Poll: Real Estate Favored Investment

Dan rafter
Written by
Dan Rafter
Read Time: 2 minutes

It's been a bumpy few years for the housing market, but Americans still regard real estate as the best long-term investment, according to a new Gallup survey.

The survey found that a plurality of Americans said they favored real estate as an investment, exceeding those who said they preferred gold, stocks, savings and other common investments.

Increasingly popular since 2011

As an investment, real estate has grown increasingly in favor among Americans over the past few years, according to the annual Gallup polls, even though the housing market continues to struggle. Thirty percent of all respondents named real estate as their favored long-term investment, up from only 19 percent as recently as 2011.

That's still well below the half of Americans who favored real estate in 2002, back during the boom years. Recent improvements in housing prices may be a key reason why real estate has been coming back into favor, according to Gallup.

Less-favored investments were gold and stocks/mutual funds, both picked by 24 percent of respondents, savings accounts and CDs at 14 percent, and bonds favored by only 6 percent of respondents.

Real estate more favored by high earners

Wealthier Americans were the most likely to favor real estate as a long-term investment, which the polling firm suggested may be due to the fact they are the group most likely to have experience with buying and owning property. Of those with annual incomes of $75,000 and more, 38 percent said they thought real estate is the best long-term investment.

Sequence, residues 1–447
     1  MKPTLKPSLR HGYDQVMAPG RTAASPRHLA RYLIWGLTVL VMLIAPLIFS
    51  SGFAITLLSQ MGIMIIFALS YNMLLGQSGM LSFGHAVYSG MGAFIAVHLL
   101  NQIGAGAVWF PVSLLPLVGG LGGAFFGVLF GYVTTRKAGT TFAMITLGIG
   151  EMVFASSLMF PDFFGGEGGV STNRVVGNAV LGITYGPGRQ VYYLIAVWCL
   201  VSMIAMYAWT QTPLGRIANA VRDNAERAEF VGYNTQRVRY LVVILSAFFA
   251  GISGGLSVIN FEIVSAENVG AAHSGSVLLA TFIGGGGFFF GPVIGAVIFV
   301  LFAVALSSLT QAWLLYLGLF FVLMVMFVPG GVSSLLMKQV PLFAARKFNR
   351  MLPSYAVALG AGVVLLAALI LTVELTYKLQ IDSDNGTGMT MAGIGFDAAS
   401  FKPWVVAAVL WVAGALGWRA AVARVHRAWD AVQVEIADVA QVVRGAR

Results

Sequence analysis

By contrast, lower-income Americans named gold as their top choice, named by 31 percent of those with incomes under $30,000, though 28 percent of this group favored real estate. The middle group, those with incomes of $30,000 or more but less than $75,000 split evenly between gold and real estate at 26 percent each.

Overall, gold has been declining in popularity as a long-term investment choice in recent years, dropping from 31 percent in 2011. Stocks and mutual funds have been coming back into vogue, rising from the favorite choice of 17 percent in 2011.

Bonds have fallen in favor as the economic picture brightened in recent years, dropping from the choice of 10 percent in 2011. Despite the safety they offer, their relatively low returns have always made bonds the least-popular long-term investment since Gallup began conducting the survey.

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